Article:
In the early 1990s, the historian Melvin Holli began to solve a problem with a book called “The Great City Mayors of America”. Although governing a place like New York or Philadelphia was one of the most important political jobs in the country, we had no scientific ranking of mayors, no orderly system of evaluating them. as we did for presidents, thanks to the work of mid-century scholars. Relying on surveys of biographers, social scientists and urban policy experts and on an elaborate methodology, Mr. Holli concluded that Fiorello La Guardia was the best mayor in the history of the United States. No other New York mayor appeared on the “best” list; three were included among the worst.
New York is a notoriously difficult place to manage, and measuring success in real time is also complicated. At first glance, the question of whether the current mayor is popular or not would seem to be a simple one determined by statistics, anecdote and so on, but it is more knotty than that. In a poll at the end of June, less than half of New Yorkers – 46 percent – indicated that they had a favorable opinion of Eric Adams, a decrease of four points from his numbers in December.
In contrast, Bill de Blasio, whose mayoralty was dominated by conversations about his irresponsible gym habits and personality deficits, fared much better at the same point in his term. Even when the bourgeois creative class and the business elites came to reject him as if he were rancid fast food, at 18 months he was holding at a 58 percent favorable ratingwith 81 percent of Black voters expressing a positive view of him.
Mr. Adams’ problems occupy a wide space well outside the parameters of charisma. He has been criticized for lacking a vision or signature initiatives analogous to universal pre-K; peer access to staff; a habit of petty and bizarre distortions of the truth. Some of this was predictable. During the campaign, his evasiveness led to headlines like, “Where Eric Adams Really Live?” for it was not obvious, a confusion which he blamed on a slip of paper at the hands of a homeless accountant.
Last week, we learned that a picture of an old friend, a police officer who died in the line of duty 36 years ago, was not actually kept near the mayor in his wallet for decades as he previously suggested. Rather, it was printed in his office last year by subordinates, in response to the death of two police officers in Harlem.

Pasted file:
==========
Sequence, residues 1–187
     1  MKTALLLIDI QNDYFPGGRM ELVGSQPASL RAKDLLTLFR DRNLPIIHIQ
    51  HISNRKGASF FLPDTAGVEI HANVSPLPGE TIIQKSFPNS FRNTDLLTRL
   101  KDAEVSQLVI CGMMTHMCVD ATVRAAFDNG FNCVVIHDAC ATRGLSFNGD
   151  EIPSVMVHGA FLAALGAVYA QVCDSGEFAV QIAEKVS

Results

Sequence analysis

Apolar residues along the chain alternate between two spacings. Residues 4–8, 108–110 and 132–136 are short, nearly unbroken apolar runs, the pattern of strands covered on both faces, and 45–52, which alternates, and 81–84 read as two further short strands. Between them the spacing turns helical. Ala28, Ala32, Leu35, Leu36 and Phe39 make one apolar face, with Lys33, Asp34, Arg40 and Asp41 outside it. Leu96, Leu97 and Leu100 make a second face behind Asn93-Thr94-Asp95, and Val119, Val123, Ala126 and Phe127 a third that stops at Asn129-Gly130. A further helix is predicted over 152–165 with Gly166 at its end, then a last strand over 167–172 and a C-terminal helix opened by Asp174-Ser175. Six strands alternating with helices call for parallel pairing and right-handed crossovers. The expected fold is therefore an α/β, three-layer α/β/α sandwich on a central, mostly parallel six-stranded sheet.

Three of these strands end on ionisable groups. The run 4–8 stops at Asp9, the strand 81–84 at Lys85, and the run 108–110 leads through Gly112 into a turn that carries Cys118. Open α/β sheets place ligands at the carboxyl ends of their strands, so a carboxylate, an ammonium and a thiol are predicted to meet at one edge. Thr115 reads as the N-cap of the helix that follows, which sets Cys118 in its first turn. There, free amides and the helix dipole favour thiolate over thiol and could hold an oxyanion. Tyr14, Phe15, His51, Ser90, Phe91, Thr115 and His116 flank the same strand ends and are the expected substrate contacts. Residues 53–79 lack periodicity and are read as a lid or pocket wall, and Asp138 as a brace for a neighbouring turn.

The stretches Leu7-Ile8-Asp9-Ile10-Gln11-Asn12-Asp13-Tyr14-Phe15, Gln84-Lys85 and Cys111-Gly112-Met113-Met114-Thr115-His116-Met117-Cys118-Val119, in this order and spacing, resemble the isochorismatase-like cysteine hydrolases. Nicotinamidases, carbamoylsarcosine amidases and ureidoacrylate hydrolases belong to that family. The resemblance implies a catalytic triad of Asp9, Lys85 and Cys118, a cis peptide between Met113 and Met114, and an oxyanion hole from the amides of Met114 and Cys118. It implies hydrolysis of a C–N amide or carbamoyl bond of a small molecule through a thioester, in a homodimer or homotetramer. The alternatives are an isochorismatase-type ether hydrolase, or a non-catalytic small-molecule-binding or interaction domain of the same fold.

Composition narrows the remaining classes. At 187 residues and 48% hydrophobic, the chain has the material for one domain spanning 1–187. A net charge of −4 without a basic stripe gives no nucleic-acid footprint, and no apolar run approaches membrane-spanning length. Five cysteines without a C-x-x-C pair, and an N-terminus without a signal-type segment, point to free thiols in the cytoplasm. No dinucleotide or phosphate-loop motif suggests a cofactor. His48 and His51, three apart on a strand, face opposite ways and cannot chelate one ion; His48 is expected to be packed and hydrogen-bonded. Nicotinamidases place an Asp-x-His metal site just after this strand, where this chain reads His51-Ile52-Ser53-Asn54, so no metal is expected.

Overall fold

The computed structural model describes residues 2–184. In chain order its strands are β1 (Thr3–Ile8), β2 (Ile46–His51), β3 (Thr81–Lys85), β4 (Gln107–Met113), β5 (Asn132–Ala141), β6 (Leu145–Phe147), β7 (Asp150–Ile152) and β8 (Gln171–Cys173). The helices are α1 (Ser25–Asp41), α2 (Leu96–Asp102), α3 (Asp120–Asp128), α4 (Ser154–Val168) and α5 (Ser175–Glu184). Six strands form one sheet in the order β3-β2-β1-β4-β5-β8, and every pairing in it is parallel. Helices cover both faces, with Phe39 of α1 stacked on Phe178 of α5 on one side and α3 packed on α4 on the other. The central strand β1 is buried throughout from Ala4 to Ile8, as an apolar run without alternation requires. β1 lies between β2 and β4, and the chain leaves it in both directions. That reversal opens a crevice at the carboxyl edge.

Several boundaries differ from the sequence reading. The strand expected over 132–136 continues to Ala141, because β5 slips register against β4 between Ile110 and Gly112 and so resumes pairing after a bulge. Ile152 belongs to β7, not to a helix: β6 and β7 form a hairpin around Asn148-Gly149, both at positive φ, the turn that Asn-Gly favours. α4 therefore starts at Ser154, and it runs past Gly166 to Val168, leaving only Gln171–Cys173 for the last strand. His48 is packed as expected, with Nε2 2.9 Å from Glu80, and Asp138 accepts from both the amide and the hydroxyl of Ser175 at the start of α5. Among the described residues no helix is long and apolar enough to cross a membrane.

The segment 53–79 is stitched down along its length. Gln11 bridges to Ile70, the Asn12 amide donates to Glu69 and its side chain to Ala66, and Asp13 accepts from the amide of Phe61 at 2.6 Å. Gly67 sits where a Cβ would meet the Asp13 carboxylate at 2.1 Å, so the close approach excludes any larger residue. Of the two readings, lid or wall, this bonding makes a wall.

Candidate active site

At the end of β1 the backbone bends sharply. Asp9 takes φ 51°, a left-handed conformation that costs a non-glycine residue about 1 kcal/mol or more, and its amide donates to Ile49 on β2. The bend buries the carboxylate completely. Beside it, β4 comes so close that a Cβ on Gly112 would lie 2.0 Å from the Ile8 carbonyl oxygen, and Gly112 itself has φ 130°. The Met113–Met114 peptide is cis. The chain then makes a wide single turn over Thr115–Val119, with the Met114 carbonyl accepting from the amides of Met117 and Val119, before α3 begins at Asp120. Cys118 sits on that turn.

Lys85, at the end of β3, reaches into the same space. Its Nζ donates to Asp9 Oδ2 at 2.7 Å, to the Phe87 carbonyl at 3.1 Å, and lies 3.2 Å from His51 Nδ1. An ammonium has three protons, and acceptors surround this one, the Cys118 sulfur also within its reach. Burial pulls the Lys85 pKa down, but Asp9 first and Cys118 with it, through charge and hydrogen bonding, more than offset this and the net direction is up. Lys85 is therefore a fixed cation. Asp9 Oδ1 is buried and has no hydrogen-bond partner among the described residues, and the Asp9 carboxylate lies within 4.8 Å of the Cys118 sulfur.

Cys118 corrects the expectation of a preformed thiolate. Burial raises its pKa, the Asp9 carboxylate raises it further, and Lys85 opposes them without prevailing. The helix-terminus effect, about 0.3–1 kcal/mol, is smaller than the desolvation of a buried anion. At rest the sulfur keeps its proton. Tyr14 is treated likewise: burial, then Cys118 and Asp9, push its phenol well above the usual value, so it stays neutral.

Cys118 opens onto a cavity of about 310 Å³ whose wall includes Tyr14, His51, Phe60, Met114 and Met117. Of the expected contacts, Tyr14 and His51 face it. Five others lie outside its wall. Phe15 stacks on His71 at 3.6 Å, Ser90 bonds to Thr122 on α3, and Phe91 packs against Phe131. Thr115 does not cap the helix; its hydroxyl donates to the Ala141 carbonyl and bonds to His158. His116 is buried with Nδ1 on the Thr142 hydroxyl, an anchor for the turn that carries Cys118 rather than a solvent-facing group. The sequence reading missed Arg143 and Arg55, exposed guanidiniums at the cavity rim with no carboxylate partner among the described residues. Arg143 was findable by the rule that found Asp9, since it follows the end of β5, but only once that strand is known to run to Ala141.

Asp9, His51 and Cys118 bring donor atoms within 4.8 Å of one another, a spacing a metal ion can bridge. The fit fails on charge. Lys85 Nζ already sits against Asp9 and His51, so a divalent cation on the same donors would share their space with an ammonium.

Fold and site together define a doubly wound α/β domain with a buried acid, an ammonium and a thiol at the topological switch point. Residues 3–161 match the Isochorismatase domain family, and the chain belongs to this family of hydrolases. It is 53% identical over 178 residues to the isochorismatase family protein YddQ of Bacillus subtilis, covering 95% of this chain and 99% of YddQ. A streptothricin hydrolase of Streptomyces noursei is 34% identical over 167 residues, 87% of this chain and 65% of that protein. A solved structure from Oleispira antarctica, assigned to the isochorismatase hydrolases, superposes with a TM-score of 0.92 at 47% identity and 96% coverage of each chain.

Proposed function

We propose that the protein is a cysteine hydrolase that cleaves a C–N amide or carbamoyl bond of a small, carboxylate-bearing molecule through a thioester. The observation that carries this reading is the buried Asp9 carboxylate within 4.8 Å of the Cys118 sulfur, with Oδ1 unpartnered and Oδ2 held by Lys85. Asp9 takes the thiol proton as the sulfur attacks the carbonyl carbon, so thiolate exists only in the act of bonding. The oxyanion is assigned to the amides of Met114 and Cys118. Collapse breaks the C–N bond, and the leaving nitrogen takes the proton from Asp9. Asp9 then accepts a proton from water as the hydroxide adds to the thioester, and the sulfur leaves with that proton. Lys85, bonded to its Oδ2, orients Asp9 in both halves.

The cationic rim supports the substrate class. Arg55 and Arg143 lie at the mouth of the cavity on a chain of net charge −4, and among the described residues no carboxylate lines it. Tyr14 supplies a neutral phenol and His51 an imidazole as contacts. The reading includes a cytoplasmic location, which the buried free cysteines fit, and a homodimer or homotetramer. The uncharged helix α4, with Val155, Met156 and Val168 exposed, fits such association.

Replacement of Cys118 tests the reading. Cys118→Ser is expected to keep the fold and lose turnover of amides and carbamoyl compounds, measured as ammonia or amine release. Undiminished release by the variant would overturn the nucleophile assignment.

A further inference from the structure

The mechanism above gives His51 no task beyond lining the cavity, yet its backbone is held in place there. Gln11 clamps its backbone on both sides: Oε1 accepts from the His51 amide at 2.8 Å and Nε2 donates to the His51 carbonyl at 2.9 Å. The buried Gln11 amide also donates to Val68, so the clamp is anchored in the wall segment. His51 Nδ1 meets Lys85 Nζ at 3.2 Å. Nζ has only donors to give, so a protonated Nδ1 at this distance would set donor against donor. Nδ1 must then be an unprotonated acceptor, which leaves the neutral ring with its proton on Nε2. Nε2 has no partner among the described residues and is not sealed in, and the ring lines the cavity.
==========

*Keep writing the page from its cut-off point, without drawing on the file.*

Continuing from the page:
These shortcomings justify fear and may cause voters to turn to someone new in 2025. And yet it is also true that New Yorkers who hope for a galvanizing figure, a mayor for all the people, may need to adjust their expectations and settle for a mayor for half the people .
Our current political landscape is too difficult for anyone to emerge with a broad consensus of affection — it’s almost impossible to imagine how widely accepted La Guardia was, or even Ed Koch in his first term. Over the past 10 years, most mayors’ approval ratings have hovered just above or below 50 percent. Although Michael Bloomberg had an approval rating of 31 percent early in his tenure, he briefly reached 75 percent during his deft handling of the financial crisis in the fall of 2008, before slipping downward in the coming years.
The 50 percent benchmark is so hard to beat now, said George Arzt, a longtime political consultant in the city, because the electorate is so fragmented. La Guardia was able to govern well in part because as a liberal Republican who supported the New Deal he was able to connect with voters across constituencies. And there were simply fewer constituencies to consider.
Lacking the sharp ideological divisions that burden the party today, Northeast Democrats were united by a strong labor movement. La Guardia had to make an alliance with Jews and Protestants, with immigrants from Northern Europe and Southern Europe, but he did not work in a city of 600 spoken languages. Between 1960 and 2000, the number of Dominican immigrants to the city alone multiplied more than tenfold, reaching 1.1 million.
Supporters of Eric Adams – and most people presumably – appreciate that violent crimes and hate crimes are tends down. The shootings are down 25 percent year to date. “I don’t think people are looking for a vision; I think they’re looking to not get killed,” Alan Fishman, a banker, philanthropist and supporter of Adams, told me. “What you hear about friendship and dysfunction doesn’t affect people every day. It’s inside baseball.”
What touches people is the sincerity of the commitment. Whatever you thought of his policies, it was hard to doubt Michael Bloomberg’s devotion to New York. Mr. Adams and Mr. de Blasio have been cast as temperamental opposites, but they share a prominent trait, a deep investment in their own marketing. (This was evident most recently in the case of Mr. de Blasio, with the long, moody interview he and his wife, Chirlane McCray, gave to The Times announcing their separation, when the alternative in situations like this is typically distant three-line news release. .)
Mr. de Blasio has been chasing a national profile more or less from the moment he was elected mayor, and he was absent from the city during stretches when he ran for president, remaining in the race even though his bid was nowhere to be seen. Eager to engage the high-style factions of New York that his predecessor ignored, Mr. Adams has been selling us his “swagger” since his first week in office. History shows us that it is very rare for the mayor of New York to move on to higher office. The goal should be legacy rather than fame.